C.A. Nos. 19473, 19600.
Submitted: February 9, 2006.
Decided: May 18, 2006.
Joseph A. Rosenthal, Esquire, Jessica Zeldin, Esquire, Rosenthal Monthait Goddess P.A., Wilmington, Delaware; Harold B. Obstfeld, Esquire, Harold B. Obstfeld P.C., New York, New York, Attorneys for the Plaintiff and Petitioner.
Daniel A. Dreisbach, Esquire, Elizabeth C. Tucker, Esquire, Richards, Layton Finger, P.A., Wilmington, Delaware; David J. Cynamon, Esquire, Matthew A. Anzaldi, Esquire, Pillsbury Winthrop Shaw Pittman LLP, Washington, D.C., Attorneys for Defendants IIC Industries Inc., CP Holdings Limited, Kenyon Phillips Acquisition, LLC, Bernard Shreier, John Smith, Robert M. Levy, and Robert Glatter.
Stephen C. Norman, Esquire, Melony R. Anderson, Esquire, Potter Anderson Corroon, Wilmington, Delaware, Attorneys for Defendant Alfred L. Simon.
This case arises out of a decision by a foreign holding company which controlled a publicly traded United States subsidiary to simplify its internal structure by removing the minority stockholders of that subsidiary in a going-private transaction. To achieve that goal, the controlling stockholder first initiated a voluntary tender offer at a price supposedly determined through a negotiation with a special committee. When the tender offer failed, the controller successfully executed a statutory long-form merger at the same price.
The present class action was filed by one of the minority stockholders, claiming that the merger evidenced unfair dealing and produced an unfair price. Additionally, the minority stockholder has brought a statutory appraisal claim, seeking a determination of the fair value of the U.S. subsidiary's shares at the time of the merger. The defendants argue that the merger process was fair, or at least harmlessly flawed, and that the price determined by the merger process was fair in view of the fact that the terrorist attacks of September 11, 2001 intervened between the determination of the merger price and the transaction itself. They also urge the court to decide that the fair appraisal value of the shares is well below the consideration offered in the merger. Additionally, one of the defendants claims that his actions in approving the merger were exculpated by the corporation's provision under 8 Del. C. § 102(b)(7), and therefore that he cannot be personally liable for any damages.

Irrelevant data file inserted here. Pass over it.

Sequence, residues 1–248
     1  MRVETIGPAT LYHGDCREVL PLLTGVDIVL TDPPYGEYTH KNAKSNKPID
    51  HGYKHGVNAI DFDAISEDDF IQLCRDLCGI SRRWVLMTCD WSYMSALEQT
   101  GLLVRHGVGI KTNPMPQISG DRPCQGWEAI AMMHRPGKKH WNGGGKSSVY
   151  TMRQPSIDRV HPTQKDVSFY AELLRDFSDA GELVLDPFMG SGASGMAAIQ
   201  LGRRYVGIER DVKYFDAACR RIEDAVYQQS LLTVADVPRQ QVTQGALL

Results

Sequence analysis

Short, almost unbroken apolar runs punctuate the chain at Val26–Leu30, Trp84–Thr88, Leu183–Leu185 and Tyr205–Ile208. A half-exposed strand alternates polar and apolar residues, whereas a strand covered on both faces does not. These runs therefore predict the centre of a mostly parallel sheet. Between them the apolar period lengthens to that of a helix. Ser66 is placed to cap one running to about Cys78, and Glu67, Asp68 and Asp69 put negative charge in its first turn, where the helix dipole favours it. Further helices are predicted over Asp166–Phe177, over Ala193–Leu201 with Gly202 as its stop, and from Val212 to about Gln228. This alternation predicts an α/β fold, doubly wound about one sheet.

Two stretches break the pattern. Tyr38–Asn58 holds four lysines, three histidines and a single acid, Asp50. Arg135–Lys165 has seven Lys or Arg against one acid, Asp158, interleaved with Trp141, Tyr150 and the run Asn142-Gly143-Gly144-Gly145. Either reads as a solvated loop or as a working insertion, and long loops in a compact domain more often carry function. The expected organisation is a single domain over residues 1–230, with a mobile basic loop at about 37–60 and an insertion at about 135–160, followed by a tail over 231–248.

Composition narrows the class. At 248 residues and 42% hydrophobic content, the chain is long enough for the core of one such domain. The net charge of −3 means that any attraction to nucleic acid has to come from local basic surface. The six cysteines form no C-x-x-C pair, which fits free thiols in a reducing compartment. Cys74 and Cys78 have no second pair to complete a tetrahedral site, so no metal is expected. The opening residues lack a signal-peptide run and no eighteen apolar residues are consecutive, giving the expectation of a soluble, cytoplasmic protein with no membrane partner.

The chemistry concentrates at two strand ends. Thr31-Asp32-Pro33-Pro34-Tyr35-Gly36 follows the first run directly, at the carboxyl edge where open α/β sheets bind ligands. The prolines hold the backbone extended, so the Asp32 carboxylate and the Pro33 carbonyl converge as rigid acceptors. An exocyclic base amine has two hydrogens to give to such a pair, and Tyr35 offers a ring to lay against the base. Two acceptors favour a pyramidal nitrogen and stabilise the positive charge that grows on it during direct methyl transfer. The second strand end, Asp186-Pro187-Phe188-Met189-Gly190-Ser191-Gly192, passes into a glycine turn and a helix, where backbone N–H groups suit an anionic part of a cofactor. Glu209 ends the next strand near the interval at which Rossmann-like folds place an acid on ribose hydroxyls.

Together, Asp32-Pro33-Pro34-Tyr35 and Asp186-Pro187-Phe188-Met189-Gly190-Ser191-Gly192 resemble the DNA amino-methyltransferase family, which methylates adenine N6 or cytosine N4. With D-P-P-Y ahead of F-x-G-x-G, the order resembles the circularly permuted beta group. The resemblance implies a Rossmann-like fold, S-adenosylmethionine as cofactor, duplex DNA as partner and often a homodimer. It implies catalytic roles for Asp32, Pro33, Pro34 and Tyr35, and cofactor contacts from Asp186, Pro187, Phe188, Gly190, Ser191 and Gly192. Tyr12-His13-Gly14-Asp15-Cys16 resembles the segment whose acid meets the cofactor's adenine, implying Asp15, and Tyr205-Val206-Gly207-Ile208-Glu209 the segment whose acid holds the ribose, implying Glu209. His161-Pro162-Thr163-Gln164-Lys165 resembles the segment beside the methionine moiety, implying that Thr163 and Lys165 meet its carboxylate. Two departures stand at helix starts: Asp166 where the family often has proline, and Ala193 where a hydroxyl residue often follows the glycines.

The court held trial from May 25, 2005 to May 31, 2005. The parties submitted post-trial briefs and argument was presented on February 9, 2006. In this opinion, the court finds that the merger process between the controlling stockholder and the subsidiary was marked with grave examples of unfairness, and led to a plainly unfair price for the going-private transaction. Consequently, the court awards damages to the class and to those stockholders seeking appraisal based on the court's determination of fair value at the time of the merger, a figure that is significantly in excess of the consideration offered in the going-private transaction. Nonetheless, the court finds that the subsidiary corporation's Section 102(b)(7) provision does act to protect the one defendant who raised that affirmative defense, and therefore assigns him none of the liability.
A. The Parties
1. The Plaintiff